About Deborah Secor
I’m a Christian, a Jesus follower. He gave His life away for the greatest reason possible: so everyone could understand that we can have eternal life. As a follower, I give my life away freely, too, though not like He did (since I’m obviously not God.) My firm belief is that…God showed his great love for us by sending Christ to die for us while we were still sinners….For the wages of sin is death, but the free gift of God is eternal life through Christ Jesus our Lord.
I began my art career in 1979 with a BA in Fine Arts from California State College, Bakersfield, and soon after began showing my landscapes in Old Town, Albuquerque. I permanently relocated to New Mexico in 1981, launching out to do art fairs and exhibitions, and showing my work in galleries throughout the southwest.
My choice to limit my work to soft pastels led to workshops with international pastelist Albert Handell, who became a mentor to me for some seven years, during which time I inaugurated The Pastel Society of New Mexico, as well as beginning to teach adult students how to paint landscapes in pastels.
In 1999 when two friends, formerly students of mine, decided to produce a magazine, The Pastel Journal, I joined the team as a writer, and continue to write for the current parent company, F+W Media. My articles and interviews may be seen there and in The Artist’s Magazine and Watercolor Artist, as well.
My paintings have been selected for inclusion in several books devoted to the pastel medium: The Pastel Painter’s Solution Book; Pure Color: The Best of Pastel; Painting With Pastels, by Maggie Price.
Look for my free online book, published in blog form, Landscape Paintings in Pastel.
I have two video workshops available on DVD or streaming at Artists Network TV: Get Started in Pastels: Deborah Secor Paints the Landscape, and Painting Outdoor Shadows in Pastel with Deborah Secor.
Now I work almost entirely in gouache. I’m intrigued with this versatile and forgiving medium. Join us at WetCanvas in the monthly Gouache Corner thread found in the Watercolor Studio for more examples, information, details and fun!
Visit Deborah’s Websites:
Step by Step Demo Gouache Painting Demonstrations
I’ve had requests to include a page showing my process step by step for people who want to start in gouache but just aren’t quite sure how to go about it. Check out the link to Paint, Paper and Brushes (above) to get started.
Here is my newest step-by-step demo, North 14, painted on white Pastelmat. As you will see in the next demo (Spring, below) this paper allows me to use washes easily, but can hold fine details, too.
Blue washes, light and darker.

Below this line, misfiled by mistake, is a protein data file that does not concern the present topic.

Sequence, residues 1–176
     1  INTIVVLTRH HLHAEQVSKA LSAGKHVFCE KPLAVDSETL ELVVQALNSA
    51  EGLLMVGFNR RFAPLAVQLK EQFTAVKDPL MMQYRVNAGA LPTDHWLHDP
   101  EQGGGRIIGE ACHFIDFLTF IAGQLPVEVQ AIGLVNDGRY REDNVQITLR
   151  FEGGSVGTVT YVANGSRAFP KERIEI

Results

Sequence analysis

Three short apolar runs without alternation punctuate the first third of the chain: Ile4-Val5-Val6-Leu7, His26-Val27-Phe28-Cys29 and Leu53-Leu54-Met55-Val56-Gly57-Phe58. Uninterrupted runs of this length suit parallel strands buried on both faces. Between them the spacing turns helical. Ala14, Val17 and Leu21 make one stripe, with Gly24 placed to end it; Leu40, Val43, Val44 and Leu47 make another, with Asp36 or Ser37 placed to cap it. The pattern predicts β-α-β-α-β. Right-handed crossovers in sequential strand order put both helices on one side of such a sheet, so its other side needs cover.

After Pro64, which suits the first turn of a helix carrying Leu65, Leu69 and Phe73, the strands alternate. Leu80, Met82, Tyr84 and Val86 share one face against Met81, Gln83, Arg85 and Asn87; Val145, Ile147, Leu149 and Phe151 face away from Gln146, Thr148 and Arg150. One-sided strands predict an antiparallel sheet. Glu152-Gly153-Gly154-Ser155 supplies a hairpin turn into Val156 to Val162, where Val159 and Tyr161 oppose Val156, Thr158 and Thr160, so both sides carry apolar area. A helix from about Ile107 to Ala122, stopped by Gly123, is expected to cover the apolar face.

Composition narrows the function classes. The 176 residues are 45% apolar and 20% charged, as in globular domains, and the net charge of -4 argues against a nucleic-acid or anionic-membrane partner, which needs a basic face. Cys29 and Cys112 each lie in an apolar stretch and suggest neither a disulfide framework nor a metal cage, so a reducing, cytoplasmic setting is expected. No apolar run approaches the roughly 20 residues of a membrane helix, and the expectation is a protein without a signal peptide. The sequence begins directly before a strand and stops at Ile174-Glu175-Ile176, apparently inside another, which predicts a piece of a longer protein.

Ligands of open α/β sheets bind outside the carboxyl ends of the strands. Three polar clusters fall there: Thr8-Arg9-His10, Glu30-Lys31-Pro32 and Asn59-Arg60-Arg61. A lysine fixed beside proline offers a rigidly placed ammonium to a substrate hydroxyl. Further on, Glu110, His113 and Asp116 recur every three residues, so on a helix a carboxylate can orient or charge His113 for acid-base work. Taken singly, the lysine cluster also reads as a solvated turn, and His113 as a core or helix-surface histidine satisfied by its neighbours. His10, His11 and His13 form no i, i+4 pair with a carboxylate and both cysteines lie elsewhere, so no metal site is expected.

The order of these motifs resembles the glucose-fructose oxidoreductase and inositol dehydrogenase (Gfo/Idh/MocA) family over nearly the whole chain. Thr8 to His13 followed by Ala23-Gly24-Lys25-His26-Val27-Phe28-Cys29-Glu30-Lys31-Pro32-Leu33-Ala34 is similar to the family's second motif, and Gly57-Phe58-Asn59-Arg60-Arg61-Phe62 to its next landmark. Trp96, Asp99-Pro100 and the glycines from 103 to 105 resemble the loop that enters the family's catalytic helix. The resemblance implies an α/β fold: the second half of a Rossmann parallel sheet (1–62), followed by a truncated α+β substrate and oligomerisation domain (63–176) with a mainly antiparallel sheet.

One color layer in place. You can see how the flowers are painted wet-in-wet.
More flowers, and some grassy details, as well as on the hills. The white cloud is painted in, too.
Last highlights on the flowers; softened the cloud edges.
Spring was done on white Pastelmat paper, which is quite absorbent and holds water for a long time. It means I can use washy techniques at first, then let it dry and build up more detail, painting over dried paint.
I usually start with the sky. It’s easier to work top to bottom.
You can see the washy effect that I’ve used in the grasses, giving a lot of color to it.
Then I added ‘gray’, a color derived from using mixtures of the colors on the palette in use already.
I continued to develop the grays using a dry brush on the mountains, and started adding more to the trees.
I darkened and blued the mid-ground, shaped the clouds, and began dashing in the lights in the foreground.
In this finished image you can see that I added some small details in the middle distance, and developed the grasses and flowering weeds in the foreground, as well as completing the trees. I added some light to complete the mountains.
The next one, Curve, is on Bristol paper, much smoother and with no texture to speak of at all. It’s hard and doesn’t absorb water, so it’s a great contrast to the first one.
Again, beginning at the top I painted in blocks of loose, washy color.
For some subjects it’s necessary to paint from the back to the front. The water needed to be established before the rocks.
I began to develop the sky and the details on the distant hillside, as well as working on the trees and establishing the rocks.
To finish I added color into the rocks and detailed the moving water in shadow, along with detailing the nearer trees.